We used to think our planet was unique, but discoveries by planet-hunting missions like Kepler continue to indicate that the the odds of Earth being one-of-a-kind are incredibly slim. Now, findings published in today's issue of Nature suggest that there are far more planets in our galaxy that we ever imagined:
Recently, a population of planets that are unbound or very far from their stars was discovered by [a planet-hunting method called] microlensing. These planets are at least as numerous as the stars in the Milky Way… We conclude that stars are orbited by planets as a rule, rather than the exception.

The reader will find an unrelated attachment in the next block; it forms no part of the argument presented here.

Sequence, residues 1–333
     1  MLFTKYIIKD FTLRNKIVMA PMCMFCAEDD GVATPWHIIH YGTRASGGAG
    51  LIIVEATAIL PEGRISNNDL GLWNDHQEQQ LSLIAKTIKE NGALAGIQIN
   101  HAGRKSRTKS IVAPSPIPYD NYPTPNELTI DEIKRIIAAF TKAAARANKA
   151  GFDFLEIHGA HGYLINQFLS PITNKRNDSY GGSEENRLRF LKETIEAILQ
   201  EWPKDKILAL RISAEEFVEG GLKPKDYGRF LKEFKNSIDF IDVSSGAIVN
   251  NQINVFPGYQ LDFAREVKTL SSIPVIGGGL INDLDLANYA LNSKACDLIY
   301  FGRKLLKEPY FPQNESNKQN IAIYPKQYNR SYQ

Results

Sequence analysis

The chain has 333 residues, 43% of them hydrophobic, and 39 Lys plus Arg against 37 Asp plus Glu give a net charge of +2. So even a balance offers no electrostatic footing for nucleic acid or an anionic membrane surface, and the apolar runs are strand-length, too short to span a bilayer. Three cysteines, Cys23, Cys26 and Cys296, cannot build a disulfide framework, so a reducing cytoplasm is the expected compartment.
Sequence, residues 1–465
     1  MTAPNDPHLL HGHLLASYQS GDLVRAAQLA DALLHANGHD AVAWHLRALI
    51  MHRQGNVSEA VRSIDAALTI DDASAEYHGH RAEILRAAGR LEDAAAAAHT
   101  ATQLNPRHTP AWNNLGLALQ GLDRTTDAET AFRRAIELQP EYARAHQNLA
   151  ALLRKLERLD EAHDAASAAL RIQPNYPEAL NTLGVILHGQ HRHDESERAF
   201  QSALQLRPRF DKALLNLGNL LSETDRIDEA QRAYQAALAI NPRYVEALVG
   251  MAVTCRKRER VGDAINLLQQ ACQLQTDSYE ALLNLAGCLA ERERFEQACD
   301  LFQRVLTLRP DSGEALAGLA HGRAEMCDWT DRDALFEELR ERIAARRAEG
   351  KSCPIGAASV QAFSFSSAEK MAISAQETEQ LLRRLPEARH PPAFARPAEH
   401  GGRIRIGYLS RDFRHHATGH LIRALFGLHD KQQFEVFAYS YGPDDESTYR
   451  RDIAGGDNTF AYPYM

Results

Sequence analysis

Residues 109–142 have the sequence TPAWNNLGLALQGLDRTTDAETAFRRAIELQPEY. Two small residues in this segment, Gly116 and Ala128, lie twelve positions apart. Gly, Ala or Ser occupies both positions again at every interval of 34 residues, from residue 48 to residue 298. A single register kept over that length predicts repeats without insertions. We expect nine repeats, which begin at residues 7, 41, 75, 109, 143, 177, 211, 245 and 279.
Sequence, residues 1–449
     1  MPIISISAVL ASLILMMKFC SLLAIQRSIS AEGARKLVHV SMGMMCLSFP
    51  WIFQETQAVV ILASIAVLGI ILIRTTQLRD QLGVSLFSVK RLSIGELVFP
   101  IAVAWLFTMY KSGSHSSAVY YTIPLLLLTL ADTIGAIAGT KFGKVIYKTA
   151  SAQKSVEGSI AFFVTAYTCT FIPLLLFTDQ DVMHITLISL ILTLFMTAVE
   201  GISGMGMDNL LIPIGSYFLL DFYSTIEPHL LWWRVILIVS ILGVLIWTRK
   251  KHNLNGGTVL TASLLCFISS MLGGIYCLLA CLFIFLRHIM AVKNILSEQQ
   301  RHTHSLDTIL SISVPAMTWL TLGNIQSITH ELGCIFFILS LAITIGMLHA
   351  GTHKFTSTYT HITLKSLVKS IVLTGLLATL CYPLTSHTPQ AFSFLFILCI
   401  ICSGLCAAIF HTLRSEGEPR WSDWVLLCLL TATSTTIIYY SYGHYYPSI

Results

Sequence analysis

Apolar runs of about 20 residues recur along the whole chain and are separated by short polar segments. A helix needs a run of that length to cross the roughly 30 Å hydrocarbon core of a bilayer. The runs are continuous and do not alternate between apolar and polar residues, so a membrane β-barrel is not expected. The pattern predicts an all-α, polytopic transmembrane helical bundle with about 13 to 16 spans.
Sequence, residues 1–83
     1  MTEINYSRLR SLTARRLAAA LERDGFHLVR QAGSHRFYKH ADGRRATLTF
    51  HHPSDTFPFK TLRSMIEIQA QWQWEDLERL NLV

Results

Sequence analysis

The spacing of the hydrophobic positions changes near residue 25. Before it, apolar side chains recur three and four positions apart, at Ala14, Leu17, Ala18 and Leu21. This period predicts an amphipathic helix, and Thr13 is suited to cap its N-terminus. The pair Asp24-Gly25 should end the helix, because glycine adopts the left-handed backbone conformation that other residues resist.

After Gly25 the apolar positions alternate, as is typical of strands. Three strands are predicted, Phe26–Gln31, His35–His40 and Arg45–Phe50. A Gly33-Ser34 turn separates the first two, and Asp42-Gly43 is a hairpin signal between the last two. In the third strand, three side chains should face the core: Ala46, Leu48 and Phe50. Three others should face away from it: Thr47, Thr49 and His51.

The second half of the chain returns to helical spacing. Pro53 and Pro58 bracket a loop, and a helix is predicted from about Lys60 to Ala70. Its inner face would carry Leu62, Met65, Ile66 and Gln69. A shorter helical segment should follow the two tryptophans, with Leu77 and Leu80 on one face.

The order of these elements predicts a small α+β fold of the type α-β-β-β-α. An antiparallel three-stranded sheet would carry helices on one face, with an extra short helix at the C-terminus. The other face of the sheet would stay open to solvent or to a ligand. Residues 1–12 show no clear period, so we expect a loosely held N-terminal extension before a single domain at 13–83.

The international team of astronomers behind the paper concludes that there are an average of 1.6 planets per star in the Milky Way. Their estimate, if correct, would put the number of planets in our galaxy alone at 160-billion; as for the rest of the Universe... well, you may have noticed it's a very big place.
Read more about the researchers' findings — including the details behind an interesting method of planet-hunting known as "microlensing" — over on Cosmic Log.